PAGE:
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Corpse cart warhammer fantasy battle 8th edition overview for vampire counts

Updated on February 12, 2012

What are corpse carts?

Corpse carts are macabre constructs used by vampires and necromancers when they go to war. These strange contraptions are a mix of rotted wood, corroded metal and decaying flesh. Many believe that the first corpse carts were created from the wagons used to take away the deceased during times of famine and plagues, already saturated with dark magic vampires and necromancers imbued them with further powers and dark energies. Corpse carts act as lodestones for dark magic and drawing upon this magic they can invigourate nearby undead with a unholy speed.

They also abounds rumours of constructs similar to corpse carts being created on nights where the evil moon Morrsleib casts its glow upon the land or the corrupting presence of warpstone is abound, even better is the presence of both. It is an easy task for those well versed in necromancy to bind these to do their bidding.

In the game

Corpse carts follow the same theme as they did in 7th edition but is improved and better refined in 8th edition. The corpse cart is now a chariot so cannot march but charges as if it has swift stride as well as inflicting impact hits. The bound spell Miasma of undeath has gone to be replaced with the vigour mortis special rule, this grants nearby undead units the always strikes first special rule still if the corpse cart is the target of an augment spell from the lore of vampires. The regeneration save has improved and the guy in charge (who was previously overlooked) gains his own name and stat line, the corpsemaster.

The corpse cart has now moved to a special choice slot away from the previously undefined slot that it had in 7th edition. It is also available as a mount for hero level necromancers and the new master necromancer. The unholy lodestone and balefire upgrades are still available. The unhjoly lodestone allows a nearby wizard to re roll a single dice when casting invocation of nehek upon infantry units. The balefire upgrade still causes enemy wizards to deduct one from their casting rolls though this bonus is now fixed regardless of the number of balefire equipped corpse carts there is.

Pros and cons

Pros are that always strikes first is a very good rule to have making sure that your units get to strike and against lower initiative opponents get re rolls to hit. They work particularly well with units of ghouls as they have the highest initiative and re rolls to hit combined with poisoned attacks increases the number of poison rolls you will get. They work best alongside infantry and the unholy lodestone can be a great asset allowing you to re roll the dice when raising infantry units with the invocation of nehek. They can also provide a much needed boost in later rounds of combat with their impact hits and numerous attacks against weaker foes.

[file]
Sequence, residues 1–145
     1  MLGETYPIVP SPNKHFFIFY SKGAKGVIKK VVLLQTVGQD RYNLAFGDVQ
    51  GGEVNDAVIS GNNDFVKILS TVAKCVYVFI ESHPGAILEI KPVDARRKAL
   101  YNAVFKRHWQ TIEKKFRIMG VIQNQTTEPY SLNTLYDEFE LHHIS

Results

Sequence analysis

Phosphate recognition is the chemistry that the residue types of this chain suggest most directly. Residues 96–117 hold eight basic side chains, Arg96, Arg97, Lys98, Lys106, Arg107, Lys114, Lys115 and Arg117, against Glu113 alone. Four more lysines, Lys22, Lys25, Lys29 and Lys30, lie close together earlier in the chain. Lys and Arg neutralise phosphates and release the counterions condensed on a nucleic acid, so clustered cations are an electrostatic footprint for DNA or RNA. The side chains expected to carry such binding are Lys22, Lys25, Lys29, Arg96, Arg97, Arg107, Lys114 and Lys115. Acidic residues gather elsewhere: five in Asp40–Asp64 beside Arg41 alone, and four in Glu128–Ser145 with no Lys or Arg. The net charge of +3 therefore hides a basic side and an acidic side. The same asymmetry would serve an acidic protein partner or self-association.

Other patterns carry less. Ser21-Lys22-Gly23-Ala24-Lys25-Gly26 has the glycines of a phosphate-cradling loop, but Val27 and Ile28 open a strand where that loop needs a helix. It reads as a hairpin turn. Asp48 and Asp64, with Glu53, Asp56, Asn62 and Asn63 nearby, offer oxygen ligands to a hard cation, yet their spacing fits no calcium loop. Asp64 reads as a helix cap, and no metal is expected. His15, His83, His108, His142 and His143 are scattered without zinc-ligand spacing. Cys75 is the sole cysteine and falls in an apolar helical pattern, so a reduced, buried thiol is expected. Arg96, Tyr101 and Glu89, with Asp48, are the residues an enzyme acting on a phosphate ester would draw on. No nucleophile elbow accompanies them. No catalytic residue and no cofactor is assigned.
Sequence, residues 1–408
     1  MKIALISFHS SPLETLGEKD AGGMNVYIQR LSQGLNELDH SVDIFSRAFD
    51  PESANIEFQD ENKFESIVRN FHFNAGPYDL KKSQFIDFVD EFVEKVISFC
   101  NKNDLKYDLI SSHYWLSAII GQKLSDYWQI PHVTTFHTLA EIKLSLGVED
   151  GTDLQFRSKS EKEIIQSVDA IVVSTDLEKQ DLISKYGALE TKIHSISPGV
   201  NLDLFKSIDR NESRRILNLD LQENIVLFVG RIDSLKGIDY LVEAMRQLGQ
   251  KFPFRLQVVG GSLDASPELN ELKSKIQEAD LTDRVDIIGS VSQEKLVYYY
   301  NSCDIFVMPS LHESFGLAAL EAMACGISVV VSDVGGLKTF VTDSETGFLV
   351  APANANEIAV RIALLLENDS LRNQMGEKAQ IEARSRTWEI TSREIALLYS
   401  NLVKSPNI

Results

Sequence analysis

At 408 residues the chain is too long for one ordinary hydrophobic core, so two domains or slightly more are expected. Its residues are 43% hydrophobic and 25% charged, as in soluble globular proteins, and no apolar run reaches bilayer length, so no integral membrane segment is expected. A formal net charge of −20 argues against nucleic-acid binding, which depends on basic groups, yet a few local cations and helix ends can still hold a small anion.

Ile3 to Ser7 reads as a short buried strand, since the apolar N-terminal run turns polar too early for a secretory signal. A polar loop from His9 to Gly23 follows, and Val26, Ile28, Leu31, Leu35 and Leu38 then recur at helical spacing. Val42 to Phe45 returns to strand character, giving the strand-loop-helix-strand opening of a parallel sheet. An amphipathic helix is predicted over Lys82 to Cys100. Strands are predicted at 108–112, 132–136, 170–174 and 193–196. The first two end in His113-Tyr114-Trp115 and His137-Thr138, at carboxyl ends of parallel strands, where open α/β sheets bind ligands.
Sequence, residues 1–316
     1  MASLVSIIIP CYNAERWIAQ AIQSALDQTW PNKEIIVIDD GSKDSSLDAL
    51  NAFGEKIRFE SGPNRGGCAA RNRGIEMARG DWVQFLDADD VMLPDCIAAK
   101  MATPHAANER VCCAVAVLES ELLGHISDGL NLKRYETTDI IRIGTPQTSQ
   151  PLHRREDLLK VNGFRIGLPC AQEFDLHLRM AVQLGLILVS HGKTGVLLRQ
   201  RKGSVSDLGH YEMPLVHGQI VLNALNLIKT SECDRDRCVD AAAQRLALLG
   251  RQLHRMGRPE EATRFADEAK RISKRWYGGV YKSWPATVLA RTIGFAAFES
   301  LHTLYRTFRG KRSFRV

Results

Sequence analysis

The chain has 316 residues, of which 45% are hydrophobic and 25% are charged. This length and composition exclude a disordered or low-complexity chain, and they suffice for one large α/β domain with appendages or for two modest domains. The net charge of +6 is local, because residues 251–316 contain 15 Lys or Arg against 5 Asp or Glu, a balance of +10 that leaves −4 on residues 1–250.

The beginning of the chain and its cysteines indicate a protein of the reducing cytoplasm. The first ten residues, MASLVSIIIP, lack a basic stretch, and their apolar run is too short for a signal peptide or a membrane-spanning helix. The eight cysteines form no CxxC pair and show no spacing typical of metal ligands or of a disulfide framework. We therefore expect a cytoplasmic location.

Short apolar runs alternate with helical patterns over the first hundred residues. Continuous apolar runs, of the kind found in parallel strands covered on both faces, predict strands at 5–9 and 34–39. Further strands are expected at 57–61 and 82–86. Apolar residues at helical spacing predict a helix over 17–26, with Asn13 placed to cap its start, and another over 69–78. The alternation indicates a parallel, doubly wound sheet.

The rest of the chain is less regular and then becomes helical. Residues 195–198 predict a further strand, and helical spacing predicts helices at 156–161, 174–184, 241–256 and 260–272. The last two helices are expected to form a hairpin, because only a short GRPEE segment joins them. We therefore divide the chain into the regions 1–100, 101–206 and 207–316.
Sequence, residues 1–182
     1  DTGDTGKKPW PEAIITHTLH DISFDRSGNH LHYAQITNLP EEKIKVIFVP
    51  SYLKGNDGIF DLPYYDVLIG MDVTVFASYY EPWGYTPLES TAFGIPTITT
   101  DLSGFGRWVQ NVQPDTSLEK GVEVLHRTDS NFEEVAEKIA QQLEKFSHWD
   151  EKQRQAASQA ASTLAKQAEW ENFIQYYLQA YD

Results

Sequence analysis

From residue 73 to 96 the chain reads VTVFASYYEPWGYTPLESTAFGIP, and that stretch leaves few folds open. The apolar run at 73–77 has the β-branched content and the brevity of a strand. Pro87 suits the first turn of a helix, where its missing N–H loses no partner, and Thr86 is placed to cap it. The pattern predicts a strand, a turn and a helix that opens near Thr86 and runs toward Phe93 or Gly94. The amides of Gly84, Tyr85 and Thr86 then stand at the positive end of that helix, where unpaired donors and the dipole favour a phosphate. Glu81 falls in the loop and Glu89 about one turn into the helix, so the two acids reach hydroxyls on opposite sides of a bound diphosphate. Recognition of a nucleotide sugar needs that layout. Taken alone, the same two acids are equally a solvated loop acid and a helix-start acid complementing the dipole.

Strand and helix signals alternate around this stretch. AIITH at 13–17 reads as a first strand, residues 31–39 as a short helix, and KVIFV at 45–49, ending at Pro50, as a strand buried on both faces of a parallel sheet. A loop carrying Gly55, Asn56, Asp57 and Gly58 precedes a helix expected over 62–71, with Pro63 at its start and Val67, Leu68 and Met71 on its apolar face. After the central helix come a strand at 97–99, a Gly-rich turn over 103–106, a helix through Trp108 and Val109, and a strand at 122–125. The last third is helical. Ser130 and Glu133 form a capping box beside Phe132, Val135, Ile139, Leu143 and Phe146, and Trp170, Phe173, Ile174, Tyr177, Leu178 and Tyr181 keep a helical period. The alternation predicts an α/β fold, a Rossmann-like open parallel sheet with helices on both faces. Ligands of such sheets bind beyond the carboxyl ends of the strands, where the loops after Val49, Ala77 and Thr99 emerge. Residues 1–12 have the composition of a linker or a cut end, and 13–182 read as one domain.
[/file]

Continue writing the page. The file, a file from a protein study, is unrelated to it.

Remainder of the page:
Cons are as they are now a chariot corpse carts move very slowly when not charging they have a movement of only 4 and as chariots cannot march (this is not a problem if you are not near the march bubble of your general though). This can make it a challenge keeping up with your units unless you are willing to take the risk and charge the corpse cart into combat. If you have gone for a faster moving army such as dire wolves and cavalry corpse carts will simply be left behind of be of little use. If you are intending to use zombies as a blocking or holding unit or are facing an elite melee combat army giving you units the always strikes first special rule can be a bit of a waste.

Also with some scenarios there is random deployment meaning your slow moving corpse cart may be away from the units that you wanted it to support, with a low movement value it will also struggle to move into a better position.

Tactical uses

Corpse carts work best as support units for your infantry, with a movement of only 4 even with a decent charge distance they will struggle to keep up with faster moving units. If you can get them in range of more powerful units even better, black knights or blood knights with re rolls to hit can be lethal (remember the lore of vampire spell vanhels danse macabre also gives re rolls). With the addition of impacts hits they can also be used to support a charging unit or to swing combat in your favour in later turns.

Against low initiative armies ghouls supported by corpse carts can be an excellent synergising combination giving the ghouls and any accompanying characters re rolls to hit. This also turns these units of ghouls into effective monster killers, beware of units with high armour saves though.

They make okay mounts for hero level necromancers though it is often just as effective to keep your necromancers in a nearby unit, remember the effects of movement 4 though if you intend to be using this necromancer to cast invocation of nehek though. Master necromancers on corpse carts generally just make better targets for the enemy and is a combination usually best avoided.


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    • profile image

      Count Jondi 5 years ago

      I much prefer these, in 7th edition it did work, but mostly just for the bound spell spam, in other cases i found it very lacking.

      and in 8th it was pointless, you were almost never going to sacrifice precious power dyes to cast the bound spell.

      fun fact though, before the release of the 8th ed VC book it was considered a monster, and got Thunderstomp!!!!

      d6 S-2 hits, what could hope to stand against such force?

    • Arioch profile image

      Gordon D Easingwood 5 years ago from Wakefield, United Kingdom

      Yes definitely much better in the 8th edition rules then in 7th.

    • profile image

      Count Jondi 5 years ago

      The corpse cart is now glorious and worth thoes 90 points+upgrades

      almost every game.